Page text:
That supposedly ill-gotten education at the University of Southern California isn’t the only problem for Lori Loughlin’s daughter these days.
Olivia Jade Giannulli, a product influencer and brander with millions of followers combined on Instagram and YouTube, tried to trademark the brands “Olivia Jade Beauty” and “Olivia Jade,” but was rejected in part because of improper punctuation on her application.
The U.S. Patent and Trademark Office issued a notice earlier this month that the 19-year-old has to “correct the punctuation in the identification to clarify the individual items in the list of goods.”
“Proper punctuation in identifications is necessary to delineate explicitly each product or service within a list and to avoid ambiguity,” officials wrote in the March 15 letter. “Commas, semicolons, and apostrophes are the only punctuation that should be used.”
The letter specified that the applicant should not use colons, exclamation marks, question marks or periods in those descriptions.
Giannulli has six months to respond or several of the cosmetics she listed will be omitted from consideration, officials wrote.
Giannulli’s parents, “Full House” star Loughlin and designer Mossimo Giannulli, were arrested earlier this month for allegedly paying $500,000 so both Olivia Jade and her sister, Isabella Rose, could get into USC under the ruse of being crew athletes even though neither participated in the sport.
Loughlin and “Desperate Housewives” star Felicity Huffman are among dozens of prominent names snared in the college admissions bribery probe. Loughlin has lost her work on the Hallmark Channel and is apparently not coming back to “Fuller House,” the Netflix sequel series where she reprised her role as Aunt Becky in several episodes.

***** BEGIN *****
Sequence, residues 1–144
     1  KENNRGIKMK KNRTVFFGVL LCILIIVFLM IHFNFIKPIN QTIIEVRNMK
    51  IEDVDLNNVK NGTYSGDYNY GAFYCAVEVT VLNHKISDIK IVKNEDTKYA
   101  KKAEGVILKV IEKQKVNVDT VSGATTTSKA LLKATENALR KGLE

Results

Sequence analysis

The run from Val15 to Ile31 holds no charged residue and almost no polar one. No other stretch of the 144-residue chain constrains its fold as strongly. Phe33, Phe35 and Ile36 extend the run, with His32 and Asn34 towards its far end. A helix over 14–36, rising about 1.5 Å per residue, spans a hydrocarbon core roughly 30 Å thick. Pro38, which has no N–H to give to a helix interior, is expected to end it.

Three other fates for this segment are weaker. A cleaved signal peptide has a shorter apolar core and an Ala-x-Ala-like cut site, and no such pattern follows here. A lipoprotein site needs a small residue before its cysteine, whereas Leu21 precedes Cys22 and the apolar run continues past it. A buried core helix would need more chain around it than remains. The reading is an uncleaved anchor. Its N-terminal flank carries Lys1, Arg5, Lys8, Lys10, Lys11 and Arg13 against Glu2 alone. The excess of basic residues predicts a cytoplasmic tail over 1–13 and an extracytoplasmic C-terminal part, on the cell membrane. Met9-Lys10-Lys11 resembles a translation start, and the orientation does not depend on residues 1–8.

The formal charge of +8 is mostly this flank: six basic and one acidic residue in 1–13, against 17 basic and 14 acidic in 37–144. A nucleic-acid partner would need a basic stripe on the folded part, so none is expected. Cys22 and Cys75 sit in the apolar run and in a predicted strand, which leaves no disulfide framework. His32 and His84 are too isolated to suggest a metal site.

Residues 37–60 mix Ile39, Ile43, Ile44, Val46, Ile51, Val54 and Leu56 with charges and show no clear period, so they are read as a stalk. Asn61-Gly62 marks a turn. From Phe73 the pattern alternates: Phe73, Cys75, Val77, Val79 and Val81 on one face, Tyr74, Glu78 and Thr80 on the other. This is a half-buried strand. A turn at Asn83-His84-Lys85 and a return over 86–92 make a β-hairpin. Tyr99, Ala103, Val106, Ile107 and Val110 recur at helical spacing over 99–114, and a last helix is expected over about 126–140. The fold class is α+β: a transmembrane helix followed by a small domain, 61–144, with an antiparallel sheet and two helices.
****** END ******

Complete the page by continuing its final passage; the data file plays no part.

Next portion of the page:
Olivia Jade hasn’t been charged, but she has felt the fallout as well. Sephora, which had sold Olivia Jade makeup on its website, severed ties with her after the indictment was announced. Social media followers roasted the freshman for a resurfaced video in which she said she was at college to party and experience game days. (She later apologized for the remarks.)
A report later emerged that Giannulli didn’t even fill out her own college application.
Looks like she could have used help on her trademark app as well.
The trademark office also noted that Giannulli needed to use more specific terminology for her cosmetics.
According to the documents, the office was responding to a submission from Giannulli and her team on Feb. 27 after asking for changes in an Aug. 30, 2018, correspondence. She originally filed for the trademarks in May 2018.
This article has been updated with more information about the USPTO’s notice to Giannulli.